“ACCA will always be the standard for the HVAC contractor,” said Huffman. “It is the one source where a contractor can receive training for their employees, have influence to the mechanical codes, and gain first-hand knowledge of what is happening to our industry in Washington. Be ready to think on a national level and be ready to do some work. Our leadership, both staff and volunteers, are passionate and dedicated to the HVAC industry.”
3. Speak up.
Even involved members of ACCA can at times clam up in their committees. That is something that Linda Couch, current ACCA board member and COO of Parrish Services in Manassas, Virginia, said can make for poor decisions.
“Don’t be afraid to speak up and go against the status quo,” she explained. “Groupthink makes for very poor decisions. The more people we have raising their hands and saying they’re interested, the better. If someone’s interested in a leadership role, my recommendation would be to go to the Contractor Forum and ask for a mentor.”
Before becoming a board member, Couch was very active on ACCA’s Contractor Forum, both asking and answering a lot of questions.
“Hilary Atkins, general counsel at ACCA, noticed my participation and asked me if I’d be interested in running for a board position,” she said. “I got where I am today with a lot of help from others, and working on the board at ACCA is my way of giving back to both colleagues and the industry at large.”
Couch encourages people to get involved with ACCA and its leadership structure. She encouraged one of the latest board members, Craig Elliot, to run for the position, just as Atkins had encouraged her.
4. Practice leadership.
ACCA is working on building its bench of leaders, and experience is an important part of the equation. The difference with ACCA, however, is that the leadership or committee experience doesn’t need to come from the HVAC industry.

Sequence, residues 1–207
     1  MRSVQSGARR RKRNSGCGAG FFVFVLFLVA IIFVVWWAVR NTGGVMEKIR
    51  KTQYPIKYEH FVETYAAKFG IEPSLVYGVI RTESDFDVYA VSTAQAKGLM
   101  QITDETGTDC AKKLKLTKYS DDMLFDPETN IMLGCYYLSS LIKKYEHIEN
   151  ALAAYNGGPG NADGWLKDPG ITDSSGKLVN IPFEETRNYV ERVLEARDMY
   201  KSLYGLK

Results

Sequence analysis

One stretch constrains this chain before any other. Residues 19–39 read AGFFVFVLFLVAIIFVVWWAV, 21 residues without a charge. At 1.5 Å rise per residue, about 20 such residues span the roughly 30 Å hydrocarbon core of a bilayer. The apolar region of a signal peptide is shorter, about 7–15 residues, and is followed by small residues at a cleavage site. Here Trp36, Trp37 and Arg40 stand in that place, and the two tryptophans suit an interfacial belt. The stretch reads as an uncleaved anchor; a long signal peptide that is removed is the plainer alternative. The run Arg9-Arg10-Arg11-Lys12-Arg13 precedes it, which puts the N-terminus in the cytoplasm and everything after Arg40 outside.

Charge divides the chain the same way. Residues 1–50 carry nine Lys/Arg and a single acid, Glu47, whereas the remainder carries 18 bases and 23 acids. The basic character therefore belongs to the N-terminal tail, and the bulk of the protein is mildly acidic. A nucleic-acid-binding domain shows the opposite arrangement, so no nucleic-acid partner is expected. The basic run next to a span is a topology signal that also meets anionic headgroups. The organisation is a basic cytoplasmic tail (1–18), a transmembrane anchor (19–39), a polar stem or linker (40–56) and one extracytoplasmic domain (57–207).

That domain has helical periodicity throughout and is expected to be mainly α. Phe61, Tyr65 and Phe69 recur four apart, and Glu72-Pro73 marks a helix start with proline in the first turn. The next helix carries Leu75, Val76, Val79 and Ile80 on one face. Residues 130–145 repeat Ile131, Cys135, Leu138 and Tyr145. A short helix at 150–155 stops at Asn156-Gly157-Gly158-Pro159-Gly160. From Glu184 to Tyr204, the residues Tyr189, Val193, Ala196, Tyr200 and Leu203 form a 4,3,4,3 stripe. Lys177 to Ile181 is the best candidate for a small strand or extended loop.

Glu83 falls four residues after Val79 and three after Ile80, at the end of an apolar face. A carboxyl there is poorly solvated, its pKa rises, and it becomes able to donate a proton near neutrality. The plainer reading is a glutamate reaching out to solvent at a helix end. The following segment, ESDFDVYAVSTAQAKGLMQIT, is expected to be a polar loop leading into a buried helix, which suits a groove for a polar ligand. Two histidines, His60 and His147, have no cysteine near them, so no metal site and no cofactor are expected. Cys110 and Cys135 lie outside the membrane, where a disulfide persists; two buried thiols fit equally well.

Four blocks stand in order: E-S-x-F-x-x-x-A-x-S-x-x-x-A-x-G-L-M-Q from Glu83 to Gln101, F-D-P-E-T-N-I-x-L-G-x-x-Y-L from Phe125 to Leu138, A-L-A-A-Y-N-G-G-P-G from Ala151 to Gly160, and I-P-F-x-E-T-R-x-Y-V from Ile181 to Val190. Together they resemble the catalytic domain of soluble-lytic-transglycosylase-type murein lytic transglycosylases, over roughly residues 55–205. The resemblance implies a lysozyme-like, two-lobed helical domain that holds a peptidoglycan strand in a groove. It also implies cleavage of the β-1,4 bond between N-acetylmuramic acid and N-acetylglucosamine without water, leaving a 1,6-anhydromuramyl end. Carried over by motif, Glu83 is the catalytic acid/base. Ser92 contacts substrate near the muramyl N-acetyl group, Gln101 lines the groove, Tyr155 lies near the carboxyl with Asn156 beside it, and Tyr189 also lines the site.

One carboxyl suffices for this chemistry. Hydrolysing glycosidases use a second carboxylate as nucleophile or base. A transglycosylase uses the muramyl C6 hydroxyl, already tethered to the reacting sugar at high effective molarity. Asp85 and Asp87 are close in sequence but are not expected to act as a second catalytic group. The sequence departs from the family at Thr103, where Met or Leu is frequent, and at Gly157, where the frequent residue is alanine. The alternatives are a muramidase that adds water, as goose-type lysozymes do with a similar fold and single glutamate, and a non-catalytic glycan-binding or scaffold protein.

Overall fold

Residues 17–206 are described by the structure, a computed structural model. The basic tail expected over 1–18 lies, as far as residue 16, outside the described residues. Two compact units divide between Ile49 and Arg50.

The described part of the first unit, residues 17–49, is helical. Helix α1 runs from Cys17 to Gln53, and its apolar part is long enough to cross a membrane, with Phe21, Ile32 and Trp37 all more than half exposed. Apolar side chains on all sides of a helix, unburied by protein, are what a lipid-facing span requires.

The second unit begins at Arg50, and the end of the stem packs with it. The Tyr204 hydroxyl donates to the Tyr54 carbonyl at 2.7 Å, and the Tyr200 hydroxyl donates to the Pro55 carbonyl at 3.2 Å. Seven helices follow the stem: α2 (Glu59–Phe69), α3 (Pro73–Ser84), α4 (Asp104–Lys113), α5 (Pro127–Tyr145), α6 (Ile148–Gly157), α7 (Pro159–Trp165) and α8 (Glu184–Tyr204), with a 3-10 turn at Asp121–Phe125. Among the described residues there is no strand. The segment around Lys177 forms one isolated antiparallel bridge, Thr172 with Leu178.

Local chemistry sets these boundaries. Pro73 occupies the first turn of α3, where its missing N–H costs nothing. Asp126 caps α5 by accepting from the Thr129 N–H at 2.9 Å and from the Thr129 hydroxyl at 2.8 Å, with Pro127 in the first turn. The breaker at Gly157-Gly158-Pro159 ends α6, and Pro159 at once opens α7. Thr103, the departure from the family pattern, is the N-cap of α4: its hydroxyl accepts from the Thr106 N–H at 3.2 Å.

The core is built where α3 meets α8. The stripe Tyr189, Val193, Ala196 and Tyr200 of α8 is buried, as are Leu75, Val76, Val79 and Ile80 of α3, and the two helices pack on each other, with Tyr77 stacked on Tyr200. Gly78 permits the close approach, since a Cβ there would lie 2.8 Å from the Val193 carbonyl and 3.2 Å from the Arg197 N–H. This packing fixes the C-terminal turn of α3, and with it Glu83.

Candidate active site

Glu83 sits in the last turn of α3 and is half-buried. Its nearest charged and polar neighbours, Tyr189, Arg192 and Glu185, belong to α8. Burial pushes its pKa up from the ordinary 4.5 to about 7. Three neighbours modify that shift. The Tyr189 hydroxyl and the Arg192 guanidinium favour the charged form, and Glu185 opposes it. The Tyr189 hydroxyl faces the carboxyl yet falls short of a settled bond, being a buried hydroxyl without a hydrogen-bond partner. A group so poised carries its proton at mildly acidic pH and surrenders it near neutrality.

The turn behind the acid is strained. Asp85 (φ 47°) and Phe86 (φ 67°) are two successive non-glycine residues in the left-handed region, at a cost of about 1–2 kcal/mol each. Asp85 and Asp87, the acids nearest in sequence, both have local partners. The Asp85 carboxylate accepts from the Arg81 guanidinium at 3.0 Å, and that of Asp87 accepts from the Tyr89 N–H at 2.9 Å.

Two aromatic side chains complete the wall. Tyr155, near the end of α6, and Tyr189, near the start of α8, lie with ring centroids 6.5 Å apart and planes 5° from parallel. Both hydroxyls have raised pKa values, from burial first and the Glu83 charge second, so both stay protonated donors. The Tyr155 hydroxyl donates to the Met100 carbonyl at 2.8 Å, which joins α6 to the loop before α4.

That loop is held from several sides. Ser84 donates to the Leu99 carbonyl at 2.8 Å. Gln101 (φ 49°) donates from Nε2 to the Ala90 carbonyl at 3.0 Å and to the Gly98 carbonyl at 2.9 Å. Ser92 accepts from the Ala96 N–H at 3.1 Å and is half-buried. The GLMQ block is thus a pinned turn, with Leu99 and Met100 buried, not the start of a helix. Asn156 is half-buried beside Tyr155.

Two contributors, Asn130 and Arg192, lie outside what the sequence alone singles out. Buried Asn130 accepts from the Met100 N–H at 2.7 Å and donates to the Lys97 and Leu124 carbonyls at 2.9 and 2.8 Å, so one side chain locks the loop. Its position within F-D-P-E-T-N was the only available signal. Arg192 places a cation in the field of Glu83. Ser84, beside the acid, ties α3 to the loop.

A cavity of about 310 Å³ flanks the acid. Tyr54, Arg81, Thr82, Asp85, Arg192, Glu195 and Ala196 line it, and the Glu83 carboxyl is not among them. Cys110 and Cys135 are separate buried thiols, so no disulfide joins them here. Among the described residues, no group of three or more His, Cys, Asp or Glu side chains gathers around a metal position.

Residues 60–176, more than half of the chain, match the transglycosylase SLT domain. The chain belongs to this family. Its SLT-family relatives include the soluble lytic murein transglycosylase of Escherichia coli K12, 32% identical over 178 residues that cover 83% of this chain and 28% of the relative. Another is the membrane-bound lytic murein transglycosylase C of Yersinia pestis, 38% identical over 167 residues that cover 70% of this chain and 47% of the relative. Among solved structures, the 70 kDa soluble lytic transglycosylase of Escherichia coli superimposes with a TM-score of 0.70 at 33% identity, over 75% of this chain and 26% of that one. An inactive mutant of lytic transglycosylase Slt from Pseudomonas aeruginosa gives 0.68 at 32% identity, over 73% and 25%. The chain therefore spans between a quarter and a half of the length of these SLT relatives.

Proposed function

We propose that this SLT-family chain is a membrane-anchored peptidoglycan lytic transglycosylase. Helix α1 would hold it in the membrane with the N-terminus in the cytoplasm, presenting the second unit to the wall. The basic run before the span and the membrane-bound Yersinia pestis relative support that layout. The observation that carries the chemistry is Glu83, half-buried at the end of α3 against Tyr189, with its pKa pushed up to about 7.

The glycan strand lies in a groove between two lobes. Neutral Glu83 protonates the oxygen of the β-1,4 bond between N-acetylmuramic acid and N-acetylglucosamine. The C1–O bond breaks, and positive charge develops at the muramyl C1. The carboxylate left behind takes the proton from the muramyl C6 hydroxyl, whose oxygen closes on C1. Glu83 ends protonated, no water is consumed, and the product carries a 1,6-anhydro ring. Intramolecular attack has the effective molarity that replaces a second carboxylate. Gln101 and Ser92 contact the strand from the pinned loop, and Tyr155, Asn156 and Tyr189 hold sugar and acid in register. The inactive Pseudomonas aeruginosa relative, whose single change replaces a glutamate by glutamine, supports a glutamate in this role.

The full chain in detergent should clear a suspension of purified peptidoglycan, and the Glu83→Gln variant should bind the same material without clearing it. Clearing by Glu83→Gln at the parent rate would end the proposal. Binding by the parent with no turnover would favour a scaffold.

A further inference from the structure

“We have an application process, and we're always looking to build the bench,” said James. “It's priceless to have people that have served on committees before, whether that's in their church or rotary or you name the place, but to have that ability and understanding about working together in a collaborative approach is a plus.”
TAKING THE LEAD: Immediate past chairman Eric Knaak (right) began his ACCA leadership journey in 2005. He never thought he would become the chairman of the national board. Here, he signs The Pledge to American Workers with Bart James, ACCA president and CEO.
Eric Knaak, immediate past chairman, began his ACCA leadership journey in 2005, back when local chapters were still in play. He held a local position until 2013, at which time he joined the national board of directors. During the years preceding his board membership, Knaak attended leadership development courses and had been involved as a volunteer at other local organizations.
“I never thought I would become chairman of the organization,” said Knaak, executive vice president and general manager of Isaac Heating & Air Conditioning in Rochester, New York. “I wasn’t an owner, and I didn’t have a college degree. I learned quickly that leadership isn’t about your title or who you are; it’s about what you do, and I love that.”
He went on to acknowledge that he wouldn’t be where he was today without his ACCA experiences.
5. Make time to grow.
Steve Schmidt, president of Frederick Air in Frederick, Maryland, is a past chairman of ACCA’s national board, but his start took some time. With a newer business to attend to, Schmidt wasn’t ready or able to give up the time that he wanted to invest in ACCA. He watched what was happening as his business grew, and after preparing his business so he could step away for a little while, he knew that participating in ACCA leadership was a possibility for him.